Microsoft Edge Flaw Could Hijack Your Twitter (or Any Other) Account

Charles Darwin was many things — a naturalist, a family man, an orator — but he'd never been the victim of a computer hacker until now. A new and potentially very nasty vulnerability in Microsoft Edge could let an attacker tweet on your behalf or steal your credentials for any account that Edge autofills, and the security researcher who discovered the flaw used a Darwin Twitter account to demonstrate such an attack.

This research on the Edge flaw comes by way of independent Argentine security researcher Manuel Caballero. His blog post is not for the faint of heart, unless you’re prepared to read a few thousand words about iframes, SOP bypasses, and about:blanks; a writeup at Bleeping Computer translates it into reasonably plain language. 

Still, the bottom line is this: A remote attacker could execute malicious code in the Microsoft Edge browser in order to steal account login information, and at present, there’s no patch for it.

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To cut to the chase, the only way to prevent this attack from happening is to use another web browser, such Mozilla Firefox or Google Chrome, until Microsoft updates Edge. For what it’s worth, Caballero did not treat the flaw as an indictment of Edge overall; his blog post pointed out multiple times just how many obstacles the Edge browser throws in a potential hacker’s way.

In order to demonstrate how the flaw worked, Caballero invoked our old friend, 19th-century biologist Charles Darwin. In a video Caballero posted to YouTube, the security researcher created a Twitter account in Darwin’s name, then had Darwin's old frenemy Alfred Russel Wallace send him a link. (Both Twitter accounts are still up.)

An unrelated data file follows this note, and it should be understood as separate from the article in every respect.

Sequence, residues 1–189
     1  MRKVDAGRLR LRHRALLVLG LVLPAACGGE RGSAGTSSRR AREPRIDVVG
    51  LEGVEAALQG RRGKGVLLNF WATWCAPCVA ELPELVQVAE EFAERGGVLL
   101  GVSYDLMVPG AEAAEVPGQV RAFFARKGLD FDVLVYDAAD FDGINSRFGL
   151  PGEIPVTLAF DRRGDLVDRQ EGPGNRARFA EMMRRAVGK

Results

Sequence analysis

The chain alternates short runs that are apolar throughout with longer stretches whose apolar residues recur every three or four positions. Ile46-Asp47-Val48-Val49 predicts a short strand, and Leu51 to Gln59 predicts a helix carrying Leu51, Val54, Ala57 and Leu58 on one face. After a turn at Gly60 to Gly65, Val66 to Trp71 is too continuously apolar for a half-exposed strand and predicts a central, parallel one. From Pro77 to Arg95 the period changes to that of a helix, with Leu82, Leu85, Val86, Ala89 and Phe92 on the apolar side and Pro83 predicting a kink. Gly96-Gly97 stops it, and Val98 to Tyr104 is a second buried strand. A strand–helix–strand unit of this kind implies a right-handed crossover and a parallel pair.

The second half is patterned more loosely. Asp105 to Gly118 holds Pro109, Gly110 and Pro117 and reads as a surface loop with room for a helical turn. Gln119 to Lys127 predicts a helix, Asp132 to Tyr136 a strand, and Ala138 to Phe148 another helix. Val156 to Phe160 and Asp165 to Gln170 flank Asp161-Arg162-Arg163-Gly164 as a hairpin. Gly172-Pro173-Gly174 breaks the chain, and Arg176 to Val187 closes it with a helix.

Darwin clicked on the link — just as any ordinary Twitter user might — and found that the page on the other end included an embedded program to tweet on his behalf. The applet could even sign Darwin in and out of Twitter, and deliver his password “in a silver platter,” according to Caballero.

How this works is an extremely complicated process, but in a nutshell, Caballero used inline frames (iFrames), which consist of HTML from one website embedded into another.

By tricking Darwin into clicking on a link that collected his cookies, the attacker (Wallace) could collect usernames and passwords from Microsoft Edge’s autofill records. In this case, Wallace obtained Darwin’s Twitter password, but this hack could theoretically work on any account for which the user lets Microsoft Edge store credentials -- Facebook, LinkedIn, Amazon, online bank accounts, and so on. 

Caballero has made the code for the attack widely available, if only so that people can see how it works for themselves. It’s still a pretty complicated process, so it’s anyone’s guess as to whether malicious hackers will actually use it, but it’s not impossible. The good news is that the hack doesn’t work on non-Edge browsers, since each browser’s process for storing and autofilling accounts is fairly different. (We recommend NOT letting any browser store credentials for social networking, email, shopping or banking accounts.)

Don’t think that being judicious about clicking on links will help, either; Caballero pointed out that malvertising could just as easily inject malicious JavaScript code into an Edge browser and produce the same effect. For the time being, you’re better off using another browser — or cleaning out all autofill account credentials from Edge, and hoping you can do it quickly enough.

Darwin photo: Public domain